ARLINGTON, Texas -- When Dallas Cowboys quarterback Dak Prescott took to the field with 1:55 remaining Sunday against the Los Angeles Rams, many may have believed he would lead a game-winning drive.
It didn’t matter that the Cowboys didn’t have a timeout. It didn’t matter that they needed to travel 75 yards for the touchdown. It didn’t matter that the Rams defense had bottled up the Cowboys’ offense for most of the second half.
Prescott would figure out a way.
That’s what he did last year as a rookie when he delivered late against the Pittsburgh Steelers, in overtime against the Philadelphia Eagles, on the road against the Minnesota Vikings. It’s what he did last week against the Arizona Cardinals.
On first down, Prescott found Jason Witten for a 9-yard completion. Soon he would have the Cowboys at the Los Angeles 40 after a 12-yard scramble. Without the timeout, he spiked the ball with 46 seconds to play.
The Cowboys would not get another first down.
Prescott second-down pass to Ezekiel Elliott was off because of pressure. His third-down throw to the sideline to Dez Bryant was high. On fourth down, he dumped off a pass to Elliott, hoping the running back could break a tackle or two to keep the drive going.
Elliott was stopped a yard short and the Cowboys lost 35-30.
It was the first non-division regular-season loss of Prescott’s young career. There would be no comeback, just the Cowboys’ second loss of the season. They did not lose their second game a year ago until Week 14.
“We’re not going to lose confidence,” Prescott said. “This offense, this team is not going to do that, 2-2 and a lot of football left.”
When Prescott watches the tape, he will see too many missed throws. The Rams caused many of them with pressure from their front four. He was sacked twice and hit six more times. He had at least two passes deflected at the line of scrimmage. He was hit once that led to an interception, his third of the season, one less than last year’s total.
He won’t look at his arm. He will look at his feet.
In the first half, he completed 11-of-15 passes for 155 yards and two touchdowns. In the second half, he completed 9-of-21 passes for 97 yards and a touchdown.
“It’s just knowing where I’m going with the ball, having a good idea where I’m going with the ball so that my feet can be in tune with my mind,” Prescott said. “And just being balanced and making those throws.”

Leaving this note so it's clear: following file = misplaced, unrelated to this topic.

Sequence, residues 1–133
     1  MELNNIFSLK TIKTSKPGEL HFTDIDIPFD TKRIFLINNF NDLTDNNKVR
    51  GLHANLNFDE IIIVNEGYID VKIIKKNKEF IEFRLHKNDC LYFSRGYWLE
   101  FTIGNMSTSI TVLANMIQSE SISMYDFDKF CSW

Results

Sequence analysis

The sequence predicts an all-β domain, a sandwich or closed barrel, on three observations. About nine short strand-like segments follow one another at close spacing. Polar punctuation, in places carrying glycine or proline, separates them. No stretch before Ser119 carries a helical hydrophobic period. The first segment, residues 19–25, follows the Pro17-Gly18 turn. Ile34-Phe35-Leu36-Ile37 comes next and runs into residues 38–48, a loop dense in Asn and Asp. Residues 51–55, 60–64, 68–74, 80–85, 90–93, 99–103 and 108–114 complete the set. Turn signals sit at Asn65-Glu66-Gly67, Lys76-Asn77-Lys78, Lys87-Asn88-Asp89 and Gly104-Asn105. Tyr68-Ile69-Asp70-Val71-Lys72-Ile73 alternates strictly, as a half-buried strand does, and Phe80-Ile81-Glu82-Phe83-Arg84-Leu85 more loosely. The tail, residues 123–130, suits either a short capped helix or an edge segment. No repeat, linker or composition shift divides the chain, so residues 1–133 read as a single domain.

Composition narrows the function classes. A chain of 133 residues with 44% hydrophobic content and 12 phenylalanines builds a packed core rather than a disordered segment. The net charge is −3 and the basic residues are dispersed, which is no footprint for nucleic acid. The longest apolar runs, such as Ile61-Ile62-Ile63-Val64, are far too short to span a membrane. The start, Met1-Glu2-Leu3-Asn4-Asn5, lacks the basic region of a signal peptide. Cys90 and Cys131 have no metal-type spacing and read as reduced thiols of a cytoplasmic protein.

In the first half, Prescott beat the Rams blitz for 115 yards and a score on 8-of-9 passing, according to ESPN Stats & Information. In the second half, the Rams did not blitz as much, which kept Prescott in the pocket.
The Cowboys went from scoring on all four first-half possessions for a 24-16 lead to scoring on just one of six second-half possessions. An eight-point halftime lead turned into an eight-point fourth-quarter deficit. Because the offense struggled, the defense was on the field too much and wore out.
In the first half, the Cowboys had 133 yards rushing, thanks to a 70-yard run by Alfred Morris, but gained 56 more yards on the ground in the second half. Dez Bryant had three first-half catches for 68 yards, more than he had in the first three games of the year, but caught two passes for 30 yards in the second half.
The Cowboys converted 5-of-8 third-down chances in the first half but 2-of-6 in the second half.
“We just weren’t consistent enough throughout the game,” Garrett said.
The last time Prescott had footwork issues came in Week 8 of his rookie year against the Philadelphia Eagles when he completed just 48.7 percent of his passes, but on the first drive of overtime it came together. He completed all five of his passes and hit Witten for the winning touchdown.
On Sunday when everybody thought he would put it all together, he completed 2-of-8 passes for 18 yards, including one drop and one spike.
“I just have to be better,” Prescott said. “No reason. No excuse.”